Morgan Stanley surveyed 1,527 people in July and August in China who purchased jewellery in the last 12 months to find out that women's empowerment, social media and a shifting in consumer preferences from gold to branded jewellery bode well for European luxury brands.

"One of the specificities of China vs other markets is that men used to account for a greater share of spending," MS says. Not anymore, as women's education rates rose "dramatically" and so is their purchasing power.

Before COVID, Chinese consumers accounted for 48% of the sales for Bulgari, 44% for Cartier, 40% for Van Cleef & Arpels and 25% for Tiffany, Morgan Stanley calculates.

Consulting firm McKinsey and Business of Fashion estimated that the branded luxury jewellery market in Asia is set to grow at 10%-14% CAGR in 2025 from the levels in 2019, with China being the main contributor of that growth, MS says.

"While the market has been jittery over regulatory uncertainty related to the "Common Prosperity" initiative by the Chinese government, we believe that the promotion of more equitable income distribution and a widening middle class population would be supportive for jewellery consumption," MS says.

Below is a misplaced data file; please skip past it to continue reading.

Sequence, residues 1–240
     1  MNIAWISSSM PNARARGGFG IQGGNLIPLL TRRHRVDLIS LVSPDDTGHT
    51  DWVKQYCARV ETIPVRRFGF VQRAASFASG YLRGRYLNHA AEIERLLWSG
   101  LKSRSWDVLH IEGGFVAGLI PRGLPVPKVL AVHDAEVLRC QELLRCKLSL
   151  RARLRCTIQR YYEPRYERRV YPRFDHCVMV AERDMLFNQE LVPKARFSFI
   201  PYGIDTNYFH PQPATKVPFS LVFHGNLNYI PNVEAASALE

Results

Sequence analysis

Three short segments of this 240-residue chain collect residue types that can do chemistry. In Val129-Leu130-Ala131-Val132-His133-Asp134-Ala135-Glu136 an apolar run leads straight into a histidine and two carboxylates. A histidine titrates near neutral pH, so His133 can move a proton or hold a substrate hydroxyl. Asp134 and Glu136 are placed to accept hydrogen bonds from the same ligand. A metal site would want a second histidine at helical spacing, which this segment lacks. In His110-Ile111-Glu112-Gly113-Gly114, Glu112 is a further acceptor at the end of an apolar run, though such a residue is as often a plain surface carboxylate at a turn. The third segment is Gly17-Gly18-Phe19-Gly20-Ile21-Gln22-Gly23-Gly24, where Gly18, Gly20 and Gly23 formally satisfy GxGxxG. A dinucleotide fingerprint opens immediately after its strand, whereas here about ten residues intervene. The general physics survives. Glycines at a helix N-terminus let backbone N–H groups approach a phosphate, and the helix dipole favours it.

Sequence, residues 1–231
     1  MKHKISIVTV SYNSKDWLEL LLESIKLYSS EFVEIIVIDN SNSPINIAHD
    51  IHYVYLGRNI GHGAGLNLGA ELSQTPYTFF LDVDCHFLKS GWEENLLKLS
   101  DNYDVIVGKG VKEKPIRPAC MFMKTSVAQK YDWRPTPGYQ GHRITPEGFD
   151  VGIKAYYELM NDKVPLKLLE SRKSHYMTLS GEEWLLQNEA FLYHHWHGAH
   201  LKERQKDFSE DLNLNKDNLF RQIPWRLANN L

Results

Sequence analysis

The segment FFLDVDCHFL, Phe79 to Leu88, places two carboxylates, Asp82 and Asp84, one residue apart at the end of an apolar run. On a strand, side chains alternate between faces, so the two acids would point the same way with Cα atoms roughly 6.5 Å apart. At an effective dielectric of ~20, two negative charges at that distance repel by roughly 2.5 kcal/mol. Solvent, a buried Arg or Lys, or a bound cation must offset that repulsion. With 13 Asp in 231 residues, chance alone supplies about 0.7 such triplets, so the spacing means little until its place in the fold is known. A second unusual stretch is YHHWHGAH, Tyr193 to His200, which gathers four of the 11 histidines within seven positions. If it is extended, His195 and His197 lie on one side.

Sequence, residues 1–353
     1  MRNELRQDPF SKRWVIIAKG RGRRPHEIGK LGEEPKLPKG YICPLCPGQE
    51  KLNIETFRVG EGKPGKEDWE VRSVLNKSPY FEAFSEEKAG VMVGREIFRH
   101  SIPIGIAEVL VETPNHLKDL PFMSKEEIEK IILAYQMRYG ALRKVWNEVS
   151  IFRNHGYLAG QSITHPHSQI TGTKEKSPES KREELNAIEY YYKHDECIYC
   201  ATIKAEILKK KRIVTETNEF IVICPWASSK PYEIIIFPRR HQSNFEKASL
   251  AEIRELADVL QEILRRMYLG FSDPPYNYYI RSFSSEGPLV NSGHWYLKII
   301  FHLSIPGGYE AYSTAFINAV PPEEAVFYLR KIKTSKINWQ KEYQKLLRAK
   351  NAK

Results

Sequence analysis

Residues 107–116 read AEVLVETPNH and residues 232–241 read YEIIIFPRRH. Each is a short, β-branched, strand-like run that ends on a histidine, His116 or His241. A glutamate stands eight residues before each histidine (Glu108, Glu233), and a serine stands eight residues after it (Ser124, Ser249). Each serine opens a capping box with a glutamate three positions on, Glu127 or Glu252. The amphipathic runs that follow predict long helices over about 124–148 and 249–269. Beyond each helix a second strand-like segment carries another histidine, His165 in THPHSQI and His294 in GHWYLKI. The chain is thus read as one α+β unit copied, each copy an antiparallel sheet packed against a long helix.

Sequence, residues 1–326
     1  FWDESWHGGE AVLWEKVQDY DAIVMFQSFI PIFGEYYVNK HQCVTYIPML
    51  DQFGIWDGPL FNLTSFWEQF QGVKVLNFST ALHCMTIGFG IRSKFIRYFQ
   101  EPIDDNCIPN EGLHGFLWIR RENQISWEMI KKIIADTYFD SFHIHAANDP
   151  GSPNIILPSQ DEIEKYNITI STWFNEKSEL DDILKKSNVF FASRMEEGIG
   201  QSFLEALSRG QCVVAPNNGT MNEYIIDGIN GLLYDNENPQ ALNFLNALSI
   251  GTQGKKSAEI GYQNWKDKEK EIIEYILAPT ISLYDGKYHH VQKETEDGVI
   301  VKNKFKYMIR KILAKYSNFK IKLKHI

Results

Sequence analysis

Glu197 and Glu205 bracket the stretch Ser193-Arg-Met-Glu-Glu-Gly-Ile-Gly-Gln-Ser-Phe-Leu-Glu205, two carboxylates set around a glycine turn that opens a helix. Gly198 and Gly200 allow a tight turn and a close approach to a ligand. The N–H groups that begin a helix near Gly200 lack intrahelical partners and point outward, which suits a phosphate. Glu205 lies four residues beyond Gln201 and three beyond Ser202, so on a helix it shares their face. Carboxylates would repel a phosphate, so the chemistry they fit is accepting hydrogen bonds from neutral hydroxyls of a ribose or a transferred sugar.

MS reiterates overweight ratings on Bulgari and Tiffany's owner LVMH and Cartier and Van Cleef owner Richemont CFR.S .

(Joice Alves)

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WHY EVERGRANDE IS NOT CHINA’S LEHMAN (1020 GMT)

Is it or isn’t it a Lehman deja vu This is probably the most frequent question among investors when it comes to a possible Evergrande default.

Barclays has a pretty straightforward answer: we are “not even close.”

The current crisis will probably lead to “spill-over effects on China’s property sector, with economic implications.”

But the “conditions are not simply in place for even a large default” to be like Lehman during the global financial crisis.

According to Barclays, the Chinese real estate company has $300 billion of total liabilities, but “just a relatively small amount in financial securities”.